Skeptics in the Pub Review - Paul Taylor from Answers in Genesis

Last night I freed up enough time to go to the Skeptics in the pub meeting in that there London. It appears I managed to stay longer than one of the Skepchicks who had to walk out after the first few minutes. Giving the talk was Paul Taylor (thats him on the left) from the Answers in Genesis "peer reviewed" creationist journal (which I've talked about before). As such I thought I would try something a little different for Skeptobot and review it.

Firstly I have to admit I had a lot of respect for the guy in actually having the balls to turn up in front of so many skeptics and say the things he said. But man did he talk a lot of crap. Well spoken and with humour but still crap. The crap itself wasn't the problem, it was it's rate of change (dcrap/dt). I could go on for page after page breaking apart each and every slide (of which there was a lot), I could just focus on the areas I'm specialized in (his claim that the homogeneity of the Cosmic Microwave Background disproves the age of the universe, and Einsteins relativity allowing for 6000yrs to be long enough for the whole universe to reach what it looks like now). But that misses the bigger picture.

Indeed most people in the questions did pick their topic and try and hold him to account on it (I tried to talk about the CMB, stalker fans, but as the microphone went dead I panicked and rather than shout about relativity I ended up asking a rather awful question about which bible he believed in, and what set christian creation science ahead of other religions creation science). Most people did much better than me and hammered home individual points, but it still didn't matter.

Taylor had sprinted through Cosmology, Astrophysics, Timescales, Geology, The Fossil Record, Biology, Evolution, Education. For each one he explained how the evidence supported Creationism and moved on. Anyone trying to bring him to account on any of those topics was faced with 'I'm not an expert, and I don't pretend to be, I am a generalist, a populist' (paraphrased).

Now in this situation, that's fine. The audience is experienced with science enough to see the game he is playing. But what has scared me since is pondering on how that talk is normally used.

Taylor's main claim was that science is colored by the assumptions and beliefs you have going into it. And that the data supports an atheists view as equally as a creationists. Which is of course a ludicrous, but subtle perversion of what science is about. In reality he's just attempting to create the illusion of debate. That wonderful wedge strategy to get it taught in schools.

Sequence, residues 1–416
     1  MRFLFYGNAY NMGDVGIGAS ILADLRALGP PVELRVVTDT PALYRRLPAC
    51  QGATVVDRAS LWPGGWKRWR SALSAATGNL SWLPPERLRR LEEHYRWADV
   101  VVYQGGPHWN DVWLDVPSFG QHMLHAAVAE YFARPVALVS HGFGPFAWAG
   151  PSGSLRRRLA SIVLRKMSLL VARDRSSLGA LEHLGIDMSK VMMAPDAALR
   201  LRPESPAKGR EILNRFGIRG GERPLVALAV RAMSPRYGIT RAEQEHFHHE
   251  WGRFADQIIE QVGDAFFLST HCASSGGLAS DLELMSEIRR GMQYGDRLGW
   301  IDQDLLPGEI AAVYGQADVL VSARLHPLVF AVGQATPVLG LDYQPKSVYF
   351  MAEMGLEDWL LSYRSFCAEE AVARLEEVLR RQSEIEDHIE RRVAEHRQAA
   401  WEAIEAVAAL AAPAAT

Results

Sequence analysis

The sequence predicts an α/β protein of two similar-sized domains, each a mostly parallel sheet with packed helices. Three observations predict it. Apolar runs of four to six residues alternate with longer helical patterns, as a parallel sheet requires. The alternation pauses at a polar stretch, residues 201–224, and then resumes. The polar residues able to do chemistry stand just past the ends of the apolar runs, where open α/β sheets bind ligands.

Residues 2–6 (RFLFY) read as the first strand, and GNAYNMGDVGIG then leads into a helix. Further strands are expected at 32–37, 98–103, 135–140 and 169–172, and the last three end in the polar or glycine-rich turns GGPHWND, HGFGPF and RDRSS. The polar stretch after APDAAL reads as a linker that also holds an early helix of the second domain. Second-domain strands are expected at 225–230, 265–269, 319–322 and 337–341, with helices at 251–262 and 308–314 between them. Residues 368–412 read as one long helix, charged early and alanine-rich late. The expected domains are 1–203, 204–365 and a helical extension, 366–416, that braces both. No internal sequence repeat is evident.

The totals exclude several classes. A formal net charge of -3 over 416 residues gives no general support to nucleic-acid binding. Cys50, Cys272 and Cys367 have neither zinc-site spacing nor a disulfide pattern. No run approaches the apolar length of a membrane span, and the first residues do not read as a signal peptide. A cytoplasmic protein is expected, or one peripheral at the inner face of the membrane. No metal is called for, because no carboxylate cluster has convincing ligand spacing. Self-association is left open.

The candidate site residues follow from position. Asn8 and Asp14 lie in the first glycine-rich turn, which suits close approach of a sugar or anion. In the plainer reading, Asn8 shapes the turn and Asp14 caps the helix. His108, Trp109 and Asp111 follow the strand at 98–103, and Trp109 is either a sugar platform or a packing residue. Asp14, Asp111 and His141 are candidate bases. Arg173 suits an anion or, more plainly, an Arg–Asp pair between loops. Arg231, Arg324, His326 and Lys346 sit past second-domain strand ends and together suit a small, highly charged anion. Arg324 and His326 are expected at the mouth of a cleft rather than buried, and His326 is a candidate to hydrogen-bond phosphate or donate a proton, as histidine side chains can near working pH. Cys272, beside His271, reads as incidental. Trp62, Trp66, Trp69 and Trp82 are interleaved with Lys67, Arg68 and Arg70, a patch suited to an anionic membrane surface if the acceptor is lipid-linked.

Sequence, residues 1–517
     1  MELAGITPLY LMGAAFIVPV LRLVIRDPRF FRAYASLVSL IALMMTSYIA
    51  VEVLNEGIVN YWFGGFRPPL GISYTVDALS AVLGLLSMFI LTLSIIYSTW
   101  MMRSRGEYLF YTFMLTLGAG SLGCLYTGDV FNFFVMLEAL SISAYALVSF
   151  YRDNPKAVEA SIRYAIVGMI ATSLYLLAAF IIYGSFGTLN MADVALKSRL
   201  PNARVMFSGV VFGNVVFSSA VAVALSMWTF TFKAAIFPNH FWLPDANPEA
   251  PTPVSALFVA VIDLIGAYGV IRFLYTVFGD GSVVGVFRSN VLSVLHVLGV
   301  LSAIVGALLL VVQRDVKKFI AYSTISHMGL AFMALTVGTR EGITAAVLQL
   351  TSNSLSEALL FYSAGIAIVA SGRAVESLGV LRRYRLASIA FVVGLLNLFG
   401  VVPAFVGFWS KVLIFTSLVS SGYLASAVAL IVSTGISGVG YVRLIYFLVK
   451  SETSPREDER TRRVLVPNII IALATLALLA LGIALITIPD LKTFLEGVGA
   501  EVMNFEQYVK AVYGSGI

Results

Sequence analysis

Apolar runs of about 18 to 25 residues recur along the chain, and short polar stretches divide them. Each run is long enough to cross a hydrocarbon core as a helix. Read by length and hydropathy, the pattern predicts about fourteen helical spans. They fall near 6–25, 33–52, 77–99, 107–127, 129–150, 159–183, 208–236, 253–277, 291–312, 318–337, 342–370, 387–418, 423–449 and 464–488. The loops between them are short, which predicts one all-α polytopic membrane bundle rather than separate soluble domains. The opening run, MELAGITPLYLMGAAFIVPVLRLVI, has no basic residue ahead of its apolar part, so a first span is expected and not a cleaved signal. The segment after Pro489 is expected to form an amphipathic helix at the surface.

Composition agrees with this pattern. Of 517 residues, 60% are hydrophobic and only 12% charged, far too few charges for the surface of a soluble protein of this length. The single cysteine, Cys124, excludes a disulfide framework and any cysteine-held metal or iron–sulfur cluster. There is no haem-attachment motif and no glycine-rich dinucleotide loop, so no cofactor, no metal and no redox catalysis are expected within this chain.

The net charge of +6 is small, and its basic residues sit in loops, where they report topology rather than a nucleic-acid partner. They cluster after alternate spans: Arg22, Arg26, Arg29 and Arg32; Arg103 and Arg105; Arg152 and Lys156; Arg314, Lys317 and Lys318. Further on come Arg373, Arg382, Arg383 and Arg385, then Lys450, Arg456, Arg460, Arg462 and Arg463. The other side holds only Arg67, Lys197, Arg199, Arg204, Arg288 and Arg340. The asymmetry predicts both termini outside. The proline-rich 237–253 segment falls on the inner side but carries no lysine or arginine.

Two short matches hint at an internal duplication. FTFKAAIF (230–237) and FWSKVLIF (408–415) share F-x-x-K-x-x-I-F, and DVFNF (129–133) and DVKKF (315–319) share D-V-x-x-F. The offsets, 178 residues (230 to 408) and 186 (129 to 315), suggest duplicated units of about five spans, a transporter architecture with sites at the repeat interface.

But what is worrying is that my take home message was how successful his shotgun approach to whole realm of science was. He typically gives church talks, presumably he races non-scientists through every sphere of science in 60mins and tries to plant a little seed of doubt in their mind about each area.

A skeptic can follow him up with weed killer and destroy each seed in turn with ease. But the effort it takes to plant a seed is so much less than the effort to remove it that you worry that enough will escape to leave that doubt in the publics mind.

And that, I suspect, is all he wants. It doesn't matter how many individual ideas come crashing down, as long as he can keep the pace up he can win.

Now how do we face that?


Darkwinter said...

Hey hey. Followed your link from Skepchick.

I think the answer to your final question - which is something I too very much took away from the talk last night - has to be about education.

We need to raise the level of public debate and public knowledge of science; it's the only way I can see of preventing - or at least limiting - those seeds taking root.

How we go about that gets a little more sticky. Certainly one area which I think needs swift and comprehensive change is science in the media. But then, there's an argument that the media is only dumbed-down because people are more receptive to it that way - which brings us right back to education.

If we can get children more interested in science and more capable of using critical thinking skills, then we're on the right path to a long-term rational solution. But, again, going into the "how" of that gets awfully sticky.

Mojo said...

"Now in this situation, that's fine. The audience is experienced with science enough to see the game he is playing. But what has scared me since is pondering on how that talk is normally used."

Did you notice his slide with the full title of On the Origin of Species, with the second half highlighted, that was shown when he was talking about racism?

Lave said...

I agree darkwinter, it's not a simple problem at all, and involves a lot of effort. But I think we are up to it.

@ mojo: I was stuck in a corner and didn't get a long enough look at that slide to be sure what he was saying, so I don't feel I can condemn him for it. But I got the same impression.

Anonymous said...

It's a form of ecclesiastical spam to all intensive purposes.

It may seem obviously illogical, refutable and badly intentioned, but if you spread something out through so many sources eventually someone bites.

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